He described the disappearance of Dhiab as particularly worrisome.

He was not only damaged but he was someone who I thought was dangerous
Former envoy for the closure of Guantanamo, Lee Wolosky, describing ex-inmate Abu Wa’el Dhiab

“We worked pretty hard to make sure that he stayed in Uruguay in the Obama administration,” he said. During that time, however, Dhiab found his way to Brazil, Argentina and Venezuela, and at one point on a flight to South Africa, only to be sent back to Uruguay through US intervention. In 2017, he also used a forged passport to fly to Morocco, which returned him to Uruguay. “He was not only damaged but he was someone who I thought was dangerous,” Wolosky said.

Syria is of particular concern because that’s where a former Guantanamo prisoner could return to the fight. The US has about 2,000 troops there, according to Pentagon spokesman Commander Sean Robertson.

In Uruguay, Dhiab never really settled, unlike the other five former detainees who were sent there with him. He organised protests outside the US Embassy in Montevideo and resumed his hunger strikes there to protest separation from his family.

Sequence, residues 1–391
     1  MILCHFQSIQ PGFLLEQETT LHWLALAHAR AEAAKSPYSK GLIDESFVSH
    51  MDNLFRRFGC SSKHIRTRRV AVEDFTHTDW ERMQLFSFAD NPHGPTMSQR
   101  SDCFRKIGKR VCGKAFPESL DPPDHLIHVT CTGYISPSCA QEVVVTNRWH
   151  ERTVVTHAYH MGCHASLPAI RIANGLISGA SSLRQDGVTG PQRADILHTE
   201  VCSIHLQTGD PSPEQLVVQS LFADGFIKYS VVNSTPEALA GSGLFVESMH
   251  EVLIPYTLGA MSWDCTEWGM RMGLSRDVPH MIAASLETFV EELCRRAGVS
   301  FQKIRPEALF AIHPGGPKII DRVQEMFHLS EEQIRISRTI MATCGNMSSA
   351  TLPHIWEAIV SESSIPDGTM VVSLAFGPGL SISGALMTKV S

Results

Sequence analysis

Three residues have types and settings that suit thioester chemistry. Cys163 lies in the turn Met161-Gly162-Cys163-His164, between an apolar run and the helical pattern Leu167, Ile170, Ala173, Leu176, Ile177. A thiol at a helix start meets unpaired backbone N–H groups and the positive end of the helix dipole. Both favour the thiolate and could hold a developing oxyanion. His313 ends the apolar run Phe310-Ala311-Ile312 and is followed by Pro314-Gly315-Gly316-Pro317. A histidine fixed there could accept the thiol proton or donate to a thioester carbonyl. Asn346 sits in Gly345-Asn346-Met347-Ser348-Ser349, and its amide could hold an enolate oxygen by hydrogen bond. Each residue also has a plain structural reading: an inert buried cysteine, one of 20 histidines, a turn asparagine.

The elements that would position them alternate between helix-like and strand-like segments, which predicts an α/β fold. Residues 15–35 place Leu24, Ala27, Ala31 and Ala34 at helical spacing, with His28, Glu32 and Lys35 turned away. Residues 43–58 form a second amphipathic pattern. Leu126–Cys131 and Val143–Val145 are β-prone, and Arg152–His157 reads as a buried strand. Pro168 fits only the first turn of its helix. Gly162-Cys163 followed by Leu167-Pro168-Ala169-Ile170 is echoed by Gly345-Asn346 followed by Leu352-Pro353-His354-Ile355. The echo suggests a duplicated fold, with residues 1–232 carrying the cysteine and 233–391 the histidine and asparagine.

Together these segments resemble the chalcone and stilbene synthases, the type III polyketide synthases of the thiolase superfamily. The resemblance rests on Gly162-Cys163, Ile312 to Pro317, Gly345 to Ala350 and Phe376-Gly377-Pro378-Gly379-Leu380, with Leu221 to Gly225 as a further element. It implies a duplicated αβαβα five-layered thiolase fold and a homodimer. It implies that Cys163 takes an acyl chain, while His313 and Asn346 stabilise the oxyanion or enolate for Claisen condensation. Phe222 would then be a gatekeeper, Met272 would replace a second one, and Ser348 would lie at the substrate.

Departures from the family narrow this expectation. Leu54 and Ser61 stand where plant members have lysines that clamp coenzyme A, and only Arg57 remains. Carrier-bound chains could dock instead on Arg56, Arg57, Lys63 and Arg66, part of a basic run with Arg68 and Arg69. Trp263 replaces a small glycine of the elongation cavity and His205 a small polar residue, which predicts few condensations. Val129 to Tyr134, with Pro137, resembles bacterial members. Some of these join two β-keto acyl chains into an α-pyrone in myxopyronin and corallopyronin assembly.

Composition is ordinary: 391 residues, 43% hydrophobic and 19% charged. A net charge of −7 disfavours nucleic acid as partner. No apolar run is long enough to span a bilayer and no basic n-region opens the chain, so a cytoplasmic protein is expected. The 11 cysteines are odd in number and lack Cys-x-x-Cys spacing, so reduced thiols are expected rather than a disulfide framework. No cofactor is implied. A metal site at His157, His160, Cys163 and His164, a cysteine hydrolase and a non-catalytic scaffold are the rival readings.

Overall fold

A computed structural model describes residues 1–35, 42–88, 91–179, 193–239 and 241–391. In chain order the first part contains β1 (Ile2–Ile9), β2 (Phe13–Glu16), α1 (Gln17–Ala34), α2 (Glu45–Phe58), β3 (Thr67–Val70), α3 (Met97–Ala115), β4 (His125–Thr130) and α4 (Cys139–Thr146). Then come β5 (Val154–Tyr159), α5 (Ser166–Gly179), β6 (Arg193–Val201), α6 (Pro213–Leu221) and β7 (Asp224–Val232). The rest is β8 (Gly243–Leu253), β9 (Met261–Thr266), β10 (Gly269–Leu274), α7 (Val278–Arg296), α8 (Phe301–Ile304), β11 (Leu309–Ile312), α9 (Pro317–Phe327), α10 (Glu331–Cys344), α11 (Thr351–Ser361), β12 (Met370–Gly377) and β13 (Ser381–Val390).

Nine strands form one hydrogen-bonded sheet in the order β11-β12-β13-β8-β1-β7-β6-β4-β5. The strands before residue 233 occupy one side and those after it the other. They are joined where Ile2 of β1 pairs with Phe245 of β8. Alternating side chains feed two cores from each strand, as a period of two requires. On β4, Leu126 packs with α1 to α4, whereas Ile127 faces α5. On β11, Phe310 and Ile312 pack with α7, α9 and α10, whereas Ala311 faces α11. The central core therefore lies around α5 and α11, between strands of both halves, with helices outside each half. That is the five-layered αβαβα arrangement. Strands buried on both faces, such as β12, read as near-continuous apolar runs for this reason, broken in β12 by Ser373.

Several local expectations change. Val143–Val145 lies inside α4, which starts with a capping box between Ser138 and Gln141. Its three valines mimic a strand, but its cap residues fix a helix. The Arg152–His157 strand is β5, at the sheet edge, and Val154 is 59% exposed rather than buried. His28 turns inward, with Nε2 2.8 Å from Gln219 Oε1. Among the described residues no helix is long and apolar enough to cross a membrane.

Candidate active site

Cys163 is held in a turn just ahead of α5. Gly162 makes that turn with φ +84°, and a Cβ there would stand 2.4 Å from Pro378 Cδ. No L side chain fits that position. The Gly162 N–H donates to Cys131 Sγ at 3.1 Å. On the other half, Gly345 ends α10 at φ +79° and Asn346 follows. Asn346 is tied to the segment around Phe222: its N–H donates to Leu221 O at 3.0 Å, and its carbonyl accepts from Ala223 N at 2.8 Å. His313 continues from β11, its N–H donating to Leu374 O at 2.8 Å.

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The most recent figures from the Office of the Director of National Intelligence say about 30 per cent – or 222 former Guantanamo captives – have or are suspected of having returned to militant or terrorist activities after leaving the wartime prison. Of those, 196 men were among the 532 captives repatriated by the Bush administration in massive transfers, mostly to Afghanistan, Pakistan and Saudi Arabia.

The Obama administration took a different approach to detainee transfers. It negotiated deals with 30 countries to take in men who could not be sent to their home countries because of domestic instability or poor human rights records, generally in small numbers and with specifically fashioned social welfare arrangements. Terms of the deals have never been made public but Obama administration officials said the host countries would provide housing, living stipends and language classes if necessary to help them adapt. As a rule, the host countries agreed to not provide them travel documents for their first two years.

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The Obama administration released nearly 200 prisoners – nine returned to the battlefield and another 17 are suspected of doing so, according to the ODNI’s Counterterrorism Centre.

By the time Trump took office, the State Department special envoy office had sent 142 men to 30 nations for rehabilitation, resettlement or safe haven – and another 52 back to their homelands. Most of the resettled captives went to Europe, Africa and Persian Gulf nations.

Secretary of State Rex Tillerson closed the office and assigned the Bureau of Western Hemisphere Affairs to handle any problems that arose in the transfers – a move House Foreign Relations Committee Chairman Ed Royce, a Republican, protested as ineffective, according to the committee aide. Then, deals with some third countries began to unravel.